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'Commando's' Dawn Raid

October 19, 1985|DENNIS McDOUGAL | Times Staff Writer

All over the Westside of Los Angeles on Friday, sleepy-eyed newspaper readers found Arnold Schwarzenegger snarling a happy "Commando" message to them over their morning coffee.

"Let's Party" was the ad line printed across the top of a wall-sized movie poster included in 163,000 copies of the Westside edition of The Times. Just below the ad line--in living, life-size color--was a battered, venomous-looking Schwarzenegger, gnashing his molars and looking for any living thing that he might be able to crush with his bare pincers.

All in all, it's the kind of wake-me-up that 20th Century Fox hopes will send audiences scurrying to their local drive-ins this weekend, much the same way the studio's "Cocoon" campaign last summer made that picture one of the surprise 1985 box-office hits. The studio's ad campaign for that movie also included a movie poster (though a much smaller one) as an enclosure in The Times during the third week of the film's release.

This will be the third week that "Commando" has been in release too, hoping to maintain its lead over 36 other films currently showing in the Los Angeles area. Nationally, it was also on top with box-office receipts of $6.5 million as of last week, according to Daily Variety. The show-business trade paper estimated that the film would bring in at least $238,000 at 20 Los Angeles-area theaters this week.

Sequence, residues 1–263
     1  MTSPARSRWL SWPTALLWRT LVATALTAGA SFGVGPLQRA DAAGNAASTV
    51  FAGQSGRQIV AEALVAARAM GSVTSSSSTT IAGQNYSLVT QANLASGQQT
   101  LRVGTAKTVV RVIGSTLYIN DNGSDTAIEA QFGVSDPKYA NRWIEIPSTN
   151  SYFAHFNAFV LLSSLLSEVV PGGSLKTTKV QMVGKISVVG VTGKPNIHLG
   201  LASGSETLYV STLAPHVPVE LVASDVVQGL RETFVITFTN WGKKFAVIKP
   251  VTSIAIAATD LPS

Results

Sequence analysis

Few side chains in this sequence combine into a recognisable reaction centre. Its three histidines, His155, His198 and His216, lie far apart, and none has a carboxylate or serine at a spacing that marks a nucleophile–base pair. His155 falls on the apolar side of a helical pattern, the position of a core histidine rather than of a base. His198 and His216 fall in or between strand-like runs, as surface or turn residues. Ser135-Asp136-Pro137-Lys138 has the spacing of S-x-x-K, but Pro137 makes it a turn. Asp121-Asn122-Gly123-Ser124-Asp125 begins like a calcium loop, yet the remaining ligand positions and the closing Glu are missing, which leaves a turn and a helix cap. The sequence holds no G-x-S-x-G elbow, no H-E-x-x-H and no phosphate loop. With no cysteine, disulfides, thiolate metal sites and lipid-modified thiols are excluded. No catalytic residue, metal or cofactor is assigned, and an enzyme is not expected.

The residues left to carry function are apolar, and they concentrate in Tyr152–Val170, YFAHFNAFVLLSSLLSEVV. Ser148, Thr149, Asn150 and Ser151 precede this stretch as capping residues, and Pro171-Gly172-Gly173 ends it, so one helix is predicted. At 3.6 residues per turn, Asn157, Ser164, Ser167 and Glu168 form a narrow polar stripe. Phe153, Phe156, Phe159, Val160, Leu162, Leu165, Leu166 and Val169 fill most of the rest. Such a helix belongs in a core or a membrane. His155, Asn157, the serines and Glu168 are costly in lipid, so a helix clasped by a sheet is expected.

The film posters, which usually cost the studio about 30 cents apiece to print, follow a marketing pattern that generally opens with an initial week of heavy television advertising and a second week of large newspaper ads that introduce an ad line--in this case, the suggestion that the audience might want to "party" with a murderous thug.

Movie marketing, which is notorious for being "follow the leader," in the words of one longtime advertising executive, could be moving into a trend if the Fox ploy proves as successful with "Commando" as it did with "Cocoon." Newspaper readers may soon find posters falling out of their morning papers each Friday.

KABC-AM (790)'s Ken and Bob show devoted some of their talk Friday morning to the "Commando" poster, and Fox itself was hit by an unusual number of inquiries from newsmen.

"So it worked, didn't it?" said one studio source.

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